Jemele Hill Says Police Are Not To Protect Black People ‘By Design’ In Fear-Mongering Speech At Vanderbilt

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Struggling author Jemele Hill opened Vanderbilt University’s slate of Black History Month on Wednesday. There, she warned young black attendees that police officers are coming for them.

Hill cited the death of Tyre Nichols as proof that “police were never, by design, supposed to protect black people.”

Note: Nichols was a 29-year-old black man. The five Memphis officers who killed him were also black.

“If that young man was white, do you think they would have beat him like that,” Hill asked rhetorically. “It wouldn’t have happened. Not at all. It wasn’t the race of the officers that mattered, it was the race of the victim that mattered.”

How does she know that? She doesn’t. Cops kill plenty of white men per year.

Still, Hill is using Nichols’ death as a means to grow her brand, as she did following the death of George Floyd in 2020.

Last week, she blamed “white supremacy” for Nichols’ death. Her argument goes: when black officers put on the blue they turn into racist whites.

She says black officers uphold the plague:

“Just as women sometimes carry the water for misogyny and the patriarchy, black people have definitely done the same for white supremacy. You’re stuck on the faces. I’m looking at the system and why it was created.”

Remember that talking point. Hill is sure to reshuffle it on days she’s short on content.

Jemele Hill’s new book failed badly.

Heinous was the beating of Nichols. But because it’s viral, and leading news cycles, race hustlers couldn’t let the moment pass without a signature injection of racial hysteria.

The likes of Hill, Al Sharpton, and the Anti-White Bishop saw an opportunity.

Yet as we documented last week, tragedies involving black people are not inherently racist. Bad actors exist, both black and white. They hurt individuals, black and white, for reasons other than race.

They are often reckless, afraid, and incompetent.

There’s no proof that the officers killed Nichols on the basis of his skin color. Likewise, we still lack evidence Derek Chauvin killed George Floyd because of his race. Nonetheless, BLM burned cities based on the idea it was racist.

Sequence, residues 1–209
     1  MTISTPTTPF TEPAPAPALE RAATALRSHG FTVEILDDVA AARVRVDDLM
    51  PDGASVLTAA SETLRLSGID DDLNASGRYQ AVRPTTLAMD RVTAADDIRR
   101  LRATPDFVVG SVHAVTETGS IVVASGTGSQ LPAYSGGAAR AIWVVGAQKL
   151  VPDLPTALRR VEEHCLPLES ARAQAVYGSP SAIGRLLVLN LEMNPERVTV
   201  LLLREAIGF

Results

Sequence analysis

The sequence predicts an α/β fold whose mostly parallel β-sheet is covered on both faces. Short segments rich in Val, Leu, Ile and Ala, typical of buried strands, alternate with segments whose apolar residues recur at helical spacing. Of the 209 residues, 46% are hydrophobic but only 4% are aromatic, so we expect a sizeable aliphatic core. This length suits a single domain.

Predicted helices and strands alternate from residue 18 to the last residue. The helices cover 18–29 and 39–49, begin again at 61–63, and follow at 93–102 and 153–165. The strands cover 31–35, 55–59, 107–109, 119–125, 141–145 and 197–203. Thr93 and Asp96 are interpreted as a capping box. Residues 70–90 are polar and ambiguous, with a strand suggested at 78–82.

Hill’s type of rhetoric could incite similar wreckage.

Perhaps the five black Memphis officers were poor at their job. Perhaps the district ought to do a better job weeding incompetent policemen.

What happened to Nichols should not happen, not under any circumstance.

That said, the incident does not prove the police force is designed not to protect black people. That’s fear-mongering. It’s dishonest. It’s baseless.

Jemele sought to convince black people to distrust the police, to take matters into their own hands.

Her speech at Vanderbilt is the type of dangerous commentary that she accuses the “white supremacists” of stoking.

Written by Bobby Burack

Bobby Burack is a writer for OutKick where he reports and analyzes the latest media topics as well as trending sports, cultural and political stories.

Burack has become a prominent voice in media and has been featured on several shows across OutKick and industry related podcast and radio stations.

Previously, Burack was a writer at The Big Lead where he covered similar topics. He also hosted an eponymous podcast where he interviewed several personalities such as Joe Tessitore, and Adam Schefter.


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  1. The government is afraid of inflaming racial tensions so they let Chauvin hang out to dry. He’s guilty but not necessarily of a hate crime. Vanderbilt University appears to be so f ing woke. Their administration is a joke, much like the intellectual capacity of Jamele Hill.

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